The above departments were given the "Headache" list grouped by product families and asked to rate them on a scale of 1 to 5, 1 being worst and 5 being excellent for the criteria listed above. When the data came back, I consolidated the list by weighting the criteria. The individual Gross Margin contribution and the Marketing Core Product Strategy and Replaceability questions were weighted most heavily to balance profitability with potential for loss of revenue. This balance is extremely important, as lost revenue can very quickly offset the complexity related cost reductions. Then I plotted the distribution of the index and determined three categories: "Green" (Go), "Orange" (Check) and "Red" (Gone). The results showed that 50 percent of our SKUs should be gone.
Exhibit A (Formation of the Headache Index)
What's In It for Me — the Total Cost Model:
Depending on the industry, type of company and extent of rationalization, SKU reduction could yield such benefits as improved manufacturing efficiency, reduced inventory, reduced warehousing, and reduced raw material and packaging spend.
I captured the above benefits with some assumptions as standard industry benchmarks could be used for initial model creation, which could be tightened later once buy-in was created and a team was formed. Initial assumptions and calculations would have to be made regarding:
- What SKU will replace the rationalized SKU?
- What is the cost of manufacturing complexity (cost of changeovers)?
- What is the lead time and inventory strategy (make-to-stock v/s make-to-order) of the SKU being rationalized v/s the SKU replacing it?
- What are the historical obsolescence and warehousing costs as a percent of inventory?
- What is the inventory carrying cost as per the company financial policy?
- What is the contribution to the overhead calculation?
Once the model was created, the rolled up number was large enough to turn heads. We presented it to our division general manager and got his buy-in; he agreed to sponsor the project and create a high-level team.
Project Sponsorship and Project Team Formation:
Under the direction of the general manager we formed a cross-functional team that included members from the surveyed departments. The key members of this team were from Marketing/Sales, as they had the toughest job at hand. They would first work with their teams to understand what SKUs would replace the rationalized SKUs, and then get their teams to sell that change to their customers and receive their input.
Project Stage 2: Analysis and Negotiation
Marketing and Sales Work Sessions:
We spent countless hours with the Marketing team members, going through the entire SKU list. From this effort emerged the core packages the company was to carry. The data actually drove us to the answer, but there were some outliers, which the Marketing folks promised to sell to their teams. The list was presented at the next national sales meeting, which included a working session to educate the sales team on the list and our findings. They spent a good half day further refining the list and suggesting alternatives where applicable.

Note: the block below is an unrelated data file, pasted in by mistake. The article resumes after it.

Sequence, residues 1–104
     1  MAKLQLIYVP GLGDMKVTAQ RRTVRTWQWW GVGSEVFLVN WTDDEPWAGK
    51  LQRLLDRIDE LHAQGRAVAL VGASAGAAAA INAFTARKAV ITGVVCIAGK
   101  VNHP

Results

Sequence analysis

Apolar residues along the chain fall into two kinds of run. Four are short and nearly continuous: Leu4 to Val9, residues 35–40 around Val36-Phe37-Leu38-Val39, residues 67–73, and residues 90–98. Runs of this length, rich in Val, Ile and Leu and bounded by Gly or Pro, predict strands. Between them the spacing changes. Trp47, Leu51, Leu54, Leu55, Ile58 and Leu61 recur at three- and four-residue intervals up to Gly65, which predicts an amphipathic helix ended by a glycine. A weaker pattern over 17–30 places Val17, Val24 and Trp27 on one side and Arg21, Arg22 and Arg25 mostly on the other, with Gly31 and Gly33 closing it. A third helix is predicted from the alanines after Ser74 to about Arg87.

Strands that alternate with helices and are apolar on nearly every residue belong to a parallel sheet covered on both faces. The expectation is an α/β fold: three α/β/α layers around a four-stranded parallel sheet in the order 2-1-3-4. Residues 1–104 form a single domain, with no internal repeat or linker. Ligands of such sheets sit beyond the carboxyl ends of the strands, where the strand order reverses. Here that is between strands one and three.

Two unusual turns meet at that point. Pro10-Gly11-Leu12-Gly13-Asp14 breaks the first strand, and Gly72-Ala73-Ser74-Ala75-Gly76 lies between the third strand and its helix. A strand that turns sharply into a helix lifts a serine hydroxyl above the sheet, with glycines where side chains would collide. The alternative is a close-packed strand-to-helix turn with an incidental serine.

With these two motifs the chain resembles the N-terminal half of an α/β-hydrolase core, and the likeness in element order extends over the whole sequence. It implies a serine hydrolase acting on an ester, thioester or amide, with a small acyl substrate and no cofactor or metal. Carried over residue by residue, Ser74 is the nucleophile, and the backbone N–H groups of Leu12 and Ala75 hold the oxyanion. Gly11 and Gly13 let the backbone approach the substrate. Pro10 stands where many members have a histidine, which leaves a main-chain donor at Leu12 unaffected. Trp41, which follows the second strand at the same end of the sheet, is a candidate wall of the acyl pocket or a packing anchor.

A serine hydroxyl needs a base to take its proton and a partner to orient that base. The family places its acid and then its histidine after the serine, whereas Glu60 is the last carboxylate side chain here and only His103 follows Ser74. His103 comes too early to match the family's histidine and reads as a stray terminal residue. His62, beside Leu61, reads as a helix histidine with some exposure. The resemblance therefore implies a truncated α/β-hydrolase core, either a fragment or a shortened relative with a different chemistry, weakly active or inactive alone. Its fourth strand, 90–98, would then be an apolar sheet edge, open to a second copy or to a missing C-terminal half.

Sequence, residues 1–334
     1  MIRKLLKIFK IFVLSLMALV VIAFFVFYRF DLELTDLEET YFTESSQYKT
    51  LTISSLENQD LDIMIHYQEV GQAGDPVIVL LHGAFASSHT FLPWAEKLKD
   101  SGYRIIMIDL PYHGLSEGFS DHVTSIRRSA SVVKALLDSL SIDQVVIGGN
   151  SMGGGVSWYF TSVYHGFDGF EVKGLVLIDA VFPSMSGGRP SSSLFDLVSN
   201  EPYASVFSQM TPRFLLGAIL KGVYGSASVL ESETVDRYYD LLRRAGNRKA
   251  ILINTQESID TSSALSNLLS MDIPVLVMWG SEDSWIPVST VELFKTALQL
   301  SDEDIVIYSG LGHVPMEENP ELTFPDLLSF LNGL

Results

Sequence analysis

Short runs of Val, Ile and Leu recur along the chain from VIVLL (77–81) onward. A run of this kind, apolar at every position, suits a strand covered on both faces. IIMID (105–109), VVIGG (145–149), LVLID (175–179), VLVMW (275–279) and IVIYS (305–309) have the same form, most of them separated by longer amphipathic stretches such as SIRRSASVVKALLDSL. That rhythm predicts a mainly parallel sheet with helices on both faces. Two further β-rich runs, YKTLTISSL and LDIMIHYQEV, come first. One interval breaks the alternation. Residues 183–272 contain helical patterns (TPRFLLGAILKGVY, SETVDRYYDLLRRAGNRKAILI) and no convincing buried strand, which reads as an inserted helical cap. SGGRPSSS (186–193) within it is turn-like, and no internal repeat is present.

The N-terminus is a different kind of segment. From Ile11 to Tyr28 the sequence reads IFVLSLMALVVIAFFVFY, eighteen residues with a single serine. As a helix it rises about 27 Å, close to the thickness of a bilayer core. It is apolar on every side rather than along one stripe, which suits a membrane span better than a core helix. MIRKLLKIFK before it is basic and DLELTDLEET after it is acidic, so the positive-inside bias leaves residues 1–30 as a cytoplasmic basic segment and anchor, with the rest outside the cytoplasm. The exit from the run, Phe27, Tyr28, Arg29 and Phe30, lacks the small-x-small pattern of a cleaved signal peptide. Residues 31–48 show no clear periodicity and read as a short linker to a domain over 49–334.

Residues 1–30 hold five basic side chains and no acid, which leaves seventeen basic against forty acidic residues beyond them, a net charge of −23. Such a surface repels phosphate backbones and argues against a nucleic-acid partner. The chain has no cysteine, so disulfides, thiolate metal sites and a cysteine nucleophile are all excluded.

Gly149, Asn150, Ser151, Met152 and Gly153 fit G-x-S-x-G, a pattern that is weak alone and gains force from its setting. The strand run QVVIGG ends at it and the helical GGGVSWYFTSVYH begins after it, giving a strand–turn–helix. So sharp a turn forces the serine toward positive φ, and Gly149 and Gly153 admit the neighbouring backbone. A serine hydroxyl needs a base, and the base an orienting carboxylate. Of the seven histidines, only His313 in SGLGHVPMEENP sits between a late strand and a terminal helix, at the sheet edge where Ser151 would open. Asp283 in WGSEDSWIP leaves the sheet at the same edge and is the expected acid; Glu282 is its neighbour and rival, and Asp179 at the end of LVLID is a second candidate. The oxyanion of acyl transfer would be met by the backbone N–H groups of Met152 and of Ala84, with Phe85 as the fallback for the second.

Two-phased Implementation Plan:
When the project team met next, Marketing came back with their finalized list. They suggested a two-phased implementation strategy.
The first phase would start quickly (within the next month) and cover about 70 percent of all SKUs. These SKUs would not require any customer trials. The second phase would be longer term (within the next six months) and cover the rest. These were the items the team thought they needed more time to convince the customers and would require trials.
Both phases had a conversion or rationalization date that was within three months of implementation. The timing and two-phased implementation plan was to bleed the inventory at the customers and conduct trials if necessary.
Project Stage 3: Communication & Preparation
We created an implementation plan that was communicated to all internal departments as well as customers. A comprehensive list of original v/s replacement SKUs were created. This included the switchover timing, a product/engineering change number if required and action items. We used the list to track the progress of the project.
Project Stage 4: Inventory Ramp Up/Ramp Down
Next was the inventory ramp up/ramp down phase. We created and processed product/engineering changes for the affected SKUs, analyzed consolidation and change of demand, and updated replenishment parameters in the company's materials requirements planning system. We also updated and issued a new product/sales catalog to internal and external customers. Updated forecasts were also sent to the affected raw material and packaging suppliers where impact was significant (+/- 10 percent).